What are the psychological implications on child survivors of the Rwandan genocide? The Rwandan genocide of 1994 was one of the most brutal massacres in history with over a million people killed in less than 100 days. Some of the outcomes of this for the still living are multiple cases of psychological trauma, incidents of post-traumatic stress disorder (PTSD), and several mental health issues as perpetrators as well as survivor victims grapple with the scale of the carnage that took place in the country. This research looks at the psychological effect of genocide survivors, particularly on children aged 8-18, with regards to posttraumatic-stress disorder, trauma, depression and anxiety. Methodology for data collection include surveys, measuring trauma on the IES (Impact of Event Scale) and first person accounts. This research showed that some sub-groups within the age group of 8-18 are more vulnerable to mental health issues, particularly children who are also heads of households, older children (13-18) and females. It highlights the need for adequate and immediate need for mental health care for those children. However, due to lack of education, poverty and/or geographic location, several thousand children are kept from receiving them.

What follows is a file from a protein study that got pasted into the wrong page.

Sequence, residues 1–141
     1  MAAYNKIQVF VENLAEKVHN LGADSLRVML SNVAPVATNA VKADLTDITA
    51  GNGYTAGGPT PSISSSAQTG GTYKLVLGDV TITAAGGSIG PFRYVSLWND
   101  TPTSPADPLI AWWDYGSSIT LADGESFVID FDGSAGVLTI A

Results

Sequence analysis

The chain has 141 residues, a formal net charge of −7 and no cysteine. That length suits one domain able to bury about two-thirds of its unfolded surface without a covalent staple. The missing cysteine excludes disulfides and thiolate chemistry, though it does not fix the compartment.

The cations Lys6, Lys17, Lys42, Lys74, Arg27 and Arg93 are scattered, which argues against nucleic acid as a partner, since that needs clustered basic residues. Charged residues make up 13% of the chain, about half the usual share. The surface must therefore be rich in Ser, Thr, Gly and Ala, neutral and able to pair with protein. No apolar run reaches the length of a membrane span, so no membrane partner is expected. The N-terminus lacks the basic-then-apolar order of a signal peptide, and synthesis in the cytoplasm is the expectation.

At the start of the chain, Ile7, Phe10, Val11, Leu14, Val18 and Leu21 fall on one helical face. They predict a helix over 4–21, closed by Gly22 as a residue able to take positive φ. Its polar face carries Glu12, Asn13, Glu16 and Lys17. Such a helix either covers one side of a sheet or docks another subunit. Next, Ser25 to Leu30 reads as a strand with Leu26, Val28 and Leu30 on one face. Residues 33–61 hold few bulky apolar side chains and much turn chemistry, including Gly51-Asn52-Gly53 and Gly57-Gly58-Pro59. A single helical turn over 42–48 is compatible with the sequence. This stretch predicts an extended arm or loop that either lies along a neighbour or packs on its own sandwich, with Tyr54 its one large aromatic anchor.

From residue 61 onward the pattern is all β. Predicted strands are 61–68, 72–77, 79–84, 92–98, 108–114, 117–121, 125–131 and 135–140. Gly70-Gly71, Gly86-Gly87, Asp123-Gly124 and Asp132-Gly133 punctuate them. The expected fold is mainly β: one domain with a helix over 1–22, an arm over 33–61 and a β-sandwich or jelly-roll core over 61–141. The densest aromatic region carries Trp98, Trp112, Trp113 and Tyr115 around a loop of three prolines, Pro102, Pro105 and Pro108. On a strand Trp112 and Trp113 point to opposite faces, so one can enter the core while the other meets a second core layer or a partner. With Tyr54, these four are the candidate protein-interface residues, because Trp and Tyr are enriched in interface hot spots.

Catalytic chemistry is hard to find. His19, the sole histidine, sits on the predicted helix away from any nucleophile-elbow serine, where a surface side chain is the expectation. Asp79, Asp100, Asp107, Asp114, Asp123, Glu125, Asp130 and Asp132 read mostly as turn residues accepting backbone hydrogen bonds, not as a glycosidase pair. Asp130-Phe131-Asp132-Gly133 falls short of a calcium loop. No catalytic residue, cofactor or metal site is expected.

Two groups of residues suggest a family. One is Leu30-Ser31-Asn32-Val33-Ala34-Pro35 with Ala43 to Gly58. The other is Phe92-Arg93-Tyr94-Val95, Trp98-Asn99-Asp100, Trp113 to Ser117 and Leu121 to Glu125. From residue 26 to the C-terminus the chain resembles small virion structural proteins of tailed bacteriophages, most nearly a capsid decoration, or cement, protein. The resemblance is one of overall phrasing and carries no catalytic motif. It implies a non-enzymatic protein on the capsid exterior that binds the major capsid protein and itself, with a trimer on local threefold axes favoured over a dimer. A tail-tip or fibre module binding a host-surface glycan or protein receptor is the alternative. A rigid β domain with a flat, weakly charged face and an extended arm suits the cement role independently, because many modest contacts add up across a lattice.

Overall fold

Shivani Suresh, ’15
Sponsor: Carol Z. Enns